The Kenya ICT Ministry has drafted the Digital Economy Strategy.
The document has been around for a couple of weeks, and its offerings are based on the following pillars: Digital Government, Digital Business, Infrastructure, Innovation and Entrepreneurship, Digital Skills and Values and Digital Inclusion.
The examination of the strategy, which we have covered here, highlights other key statistics about the entire digital economy landscape in Kenya, especially where the youth are involved. The numbers spell out different facets of digital inequality.
Before we can look into these numbers, it should be noted that some of the issues that perpetuate digital exclusion among marginalized groups (the youth, women, minorities, the elderly, rural communities and persons with disability) include, but are not limited to skills gaps and mismatches, insufficient connectivity coverage, information gaps and limited mobility, limited ownership and control of assets, as well as safety and security concerns.
Mobile phone use
About 21.5% of the youth in rural areas (18 to 35 years) do not own mobile phones.
Their rural counterparts are far ahead, because only 6.7% of them do not own mobile phones.
In the same breath, 22%of rural dwellers have no mobile phones, which is 14% higher than their urban counterparts.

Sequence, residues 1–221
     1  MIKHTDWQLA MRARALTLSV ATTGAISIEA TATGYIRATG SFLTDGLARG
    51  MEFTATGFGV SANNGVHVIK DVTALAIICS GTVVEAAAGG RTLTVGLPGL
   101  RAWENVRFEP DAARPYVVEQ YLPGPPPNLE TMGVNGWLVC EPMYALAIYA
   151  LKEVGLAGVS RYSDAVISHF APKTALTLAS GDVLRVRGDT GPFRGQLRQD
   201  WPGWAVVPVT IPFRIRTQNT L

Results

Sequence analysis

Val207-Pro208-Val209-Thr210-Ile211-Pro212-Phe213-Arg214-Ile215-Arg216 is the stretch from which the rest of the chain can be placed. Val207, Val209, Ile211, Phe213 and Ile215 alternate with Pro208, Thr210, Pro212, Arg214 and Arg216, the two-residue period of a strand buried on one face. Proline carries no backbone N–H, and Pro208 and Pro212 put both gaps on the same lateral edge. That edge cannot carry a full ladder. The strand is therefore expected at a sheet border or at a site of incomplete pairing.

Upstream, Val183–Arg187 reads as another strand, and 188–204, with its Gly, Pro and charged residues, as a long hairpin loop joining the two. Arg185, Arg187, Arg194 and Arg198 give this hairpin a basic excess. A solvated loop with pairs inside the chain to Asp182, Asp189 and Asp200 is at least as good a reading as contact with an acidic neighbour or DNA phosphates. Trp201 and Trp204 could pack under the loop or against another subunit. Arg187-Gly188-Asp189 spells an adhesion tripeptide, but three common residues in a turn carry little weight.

In terms of gender, 13.4% men have no access to mobile phones. Women are most affected at 19%.
Financially excluded (no formal or informal)
The draft reports that rural youth are 16.6% financially excluded, and for the urban youth, 5.9% are financially excluded. 10.8% men are financially excluded, compared to 11.3% women. Lastly, 14.4% of rural folk are financially excluded compared to 6.1% urban.
Furthermore, draft cites that rural youth are 24.9% formally excluded, and the urban youth, 8.6% are formally excluded. 19.7% women are formally excluded, compared to 1443% men. Lastly, 22.7% of rural folk are financially excluded compared to 8.9% urban.
Mobile money (financially and digitally excluded)
27.1% rural youth have no mobile money accounts; 10.7% urban youth have no mobile money accounts.
23.7% women have no mobile money accounts; 17.4% women have no mobile money accounts.
27% rural vs 11.4% urban.
Financially not healthy: 75.6% men are healthy vs 80.8% women.
Low use of digital services (mobile money, mobile bank accounts, digital apps + banks/insurance, assuming these have digital infrastructures) for meeting needs – liquidity, dealing with shocks and meeting future goals – 13.3%, 14.9% and 29.3% respectively.